Manuel F. López-Aranda, Ishanu Chattopadhya, Gayle M. Boxx, Elizabeth R. Fraley, Tawnie K. Silva, Miou Zhou, Miranda Phan, Isaiah Herrera, Sunrae Talomam Rochelle Mandanas, Karen Bach and Michael Gandal and Daniel H. Geschwind, Genhong Cheng, Andrey Rzhetsky and Stephanie A. White, Alcino J. Silva. Postnatal immune activation causes social deficits in a mouse model of tuberous sclerosis: Role of microglia and clinical implications. Science Advances, vol 7. 38, 2021. DOI:10.1126/sciadv.abf2073

There is growing evidence that prenatal viral infections triggering immune activation contributes to neuropsychiatric disorders, including schizophrenia and autism spectrum disorders

Kids who had severe infections and are genetically predisposed to autism were more likely to develop the condition. So, the genetic factors don’t trigger autism but environmental factors play a significant role. One of the scientists said that childhood infections may be linked to higher instances of depression m, anxiety, schizophrenia.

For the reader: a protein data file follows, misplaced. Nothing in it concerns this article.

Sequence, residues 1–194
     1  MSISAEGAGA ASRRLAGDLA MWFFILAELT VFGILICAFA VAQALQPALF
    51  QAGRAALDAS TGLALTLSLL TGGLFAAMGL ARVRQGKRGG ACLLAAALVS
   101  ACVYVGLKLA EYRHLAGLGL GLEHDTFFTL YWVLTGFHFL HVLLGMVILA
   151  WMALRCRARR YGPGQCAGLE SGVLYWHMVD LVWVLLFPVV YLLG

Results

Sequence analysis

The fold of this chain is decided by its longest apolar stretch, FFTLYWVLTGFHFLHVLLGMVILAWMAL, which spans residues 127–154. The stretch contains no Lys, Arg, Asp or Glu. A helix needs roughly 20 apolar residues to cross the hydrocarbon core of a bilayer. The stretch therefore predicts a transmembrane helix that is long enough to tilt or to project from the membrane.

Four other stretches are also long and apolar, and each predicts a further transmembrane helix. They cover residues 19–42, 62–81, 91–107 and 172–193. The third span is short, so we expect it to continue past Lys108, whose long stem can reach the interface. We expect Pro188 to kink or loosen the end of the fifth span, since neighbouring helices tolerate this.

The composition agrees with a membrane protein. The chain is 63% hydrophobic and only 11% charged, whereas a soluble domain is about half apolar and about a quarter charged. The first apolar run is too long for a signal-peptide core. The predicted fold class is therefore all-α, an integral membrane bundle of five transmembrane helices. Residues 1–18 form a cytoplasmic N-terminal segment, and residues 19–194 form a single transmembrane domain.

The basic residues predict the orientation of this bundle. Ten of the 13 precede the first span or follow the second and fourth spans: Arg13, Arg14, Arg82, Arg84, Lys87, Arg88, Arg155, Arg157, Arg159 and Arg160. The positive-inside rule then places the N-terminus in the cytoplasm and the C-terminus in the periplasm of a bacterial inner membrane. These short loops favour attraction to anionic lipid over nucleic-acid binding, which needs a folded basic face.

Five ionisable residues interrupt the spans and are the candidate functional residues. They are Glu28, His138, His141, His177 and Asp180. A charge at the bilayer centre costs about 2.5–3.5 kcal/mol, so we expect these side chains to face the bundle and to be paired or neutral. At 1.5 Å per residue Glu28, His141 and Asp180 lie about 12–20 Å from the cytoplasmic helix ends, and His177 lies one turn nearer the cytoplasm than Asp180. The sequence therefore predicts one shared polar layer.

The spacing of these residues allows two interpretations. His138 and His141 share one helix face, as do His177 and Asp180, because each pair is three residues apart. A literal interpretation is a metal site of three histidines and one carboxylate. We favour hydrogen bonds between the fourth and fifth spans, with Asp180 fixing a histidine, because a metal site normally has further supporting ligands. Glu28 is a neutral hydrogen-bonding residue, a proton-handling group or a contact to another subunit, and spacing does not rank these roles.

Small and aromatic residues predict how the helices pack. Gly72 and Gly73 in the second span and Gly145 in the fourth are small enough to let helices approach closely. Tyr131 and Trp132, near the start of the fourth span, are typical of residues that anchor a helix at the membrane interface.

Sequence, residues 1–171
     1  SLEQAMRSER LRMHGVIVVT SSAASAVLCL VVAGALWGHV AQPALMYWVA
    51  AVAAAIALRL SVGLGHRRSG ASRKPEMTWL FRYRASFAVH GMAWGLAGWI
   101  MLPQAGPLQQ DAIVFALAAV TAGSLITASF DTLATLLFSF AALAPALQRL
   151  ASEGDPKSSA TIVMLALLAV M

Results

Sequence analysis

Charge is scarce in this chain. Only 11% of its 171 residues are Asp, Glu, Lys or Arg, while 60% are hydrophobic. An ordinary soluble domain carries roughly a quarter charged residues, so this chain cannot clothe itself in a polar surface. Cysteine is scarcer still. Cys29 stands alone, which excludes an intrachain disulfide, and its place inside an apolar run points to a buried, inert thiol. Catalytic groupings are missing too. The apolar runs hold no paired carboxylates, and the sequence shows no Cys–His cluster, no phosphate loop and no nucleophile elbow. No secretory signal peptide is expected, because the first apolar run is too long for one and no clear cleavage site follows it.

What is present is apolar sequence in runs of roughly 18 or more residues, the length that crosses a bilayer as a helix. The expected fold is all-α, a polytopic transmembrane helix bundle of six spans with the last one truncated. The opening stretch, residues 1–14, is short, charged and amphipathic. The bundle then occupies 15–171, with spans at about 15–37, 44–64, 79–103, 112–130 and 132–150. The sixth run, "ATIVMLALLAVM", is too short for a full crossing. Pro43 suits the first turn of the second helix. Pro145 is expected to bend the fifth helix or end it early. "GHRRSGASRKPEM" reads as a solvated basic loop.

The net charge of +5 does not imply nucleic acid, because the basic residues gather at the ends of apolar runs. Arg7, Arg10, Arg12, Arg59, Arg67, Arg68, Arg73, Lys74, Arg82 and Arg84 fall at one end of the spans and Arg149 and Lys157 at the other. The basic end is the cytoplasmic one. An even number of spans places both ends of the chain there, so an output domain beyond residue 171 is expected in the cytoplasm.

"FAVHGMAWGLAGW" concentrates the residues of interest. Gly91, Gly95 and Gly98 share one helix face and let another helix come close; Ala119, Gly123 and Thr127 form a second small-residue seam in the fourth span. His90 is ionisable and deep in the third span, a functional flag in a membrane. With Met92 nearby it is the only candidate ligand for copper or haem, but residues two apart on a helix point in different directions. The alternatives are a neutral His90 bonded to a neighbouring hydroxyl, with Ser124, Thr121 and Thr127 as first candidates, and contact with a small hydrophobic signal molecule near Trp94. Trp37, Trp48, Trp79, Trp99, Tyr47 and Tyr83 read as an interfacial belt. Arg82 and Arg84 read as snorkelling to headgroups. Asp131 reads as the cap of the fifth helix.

• Study links significant childhood infections to developing autism later.
  • In mouse models, mice that had an immune response later were no longer able to recognize familiar faces. This study was replicated with a focus on social interactions and the mice whose immune system was activated had increased difficulty communicating.
  • A different study reinforces the mouse model that tracked 3.6 million hospitalized children shoeing that hospitalizations due to infections during early childhood can predict a future diagnosis of ASD
Recent progress on Tourette syndrome

Ueda K, Black KJ. Recent progress on Tourette syndrome. Fac Rev. 2021;10:70. Published 2021 Sep 7. DOI:10.12703/r/10-70

“Recent years have seen increasing information about the relationship between tics and comorbidities and about new genetic findings. Inflammatory processes have also been a topic of continued interest.

“The prevalence and characteristics of tics in patients with encephalitis were reviewed in a systematic study, which found that sporadic cases of tics were associated with encephalitis, particularly during a post-encephalitis period, and with basal ganglia involvement. A case-control autopsy study (of nine individuals with TS) using basal ganglia transcriptome by RNA sequencing in the caudate and putamen found disrupted basal ganglia neuronal signaling. The study also found a significant increase in immune and inflammatory transcripts. These results suggest metabolic alterations and inflammatory involvement in TS pathophysiology.”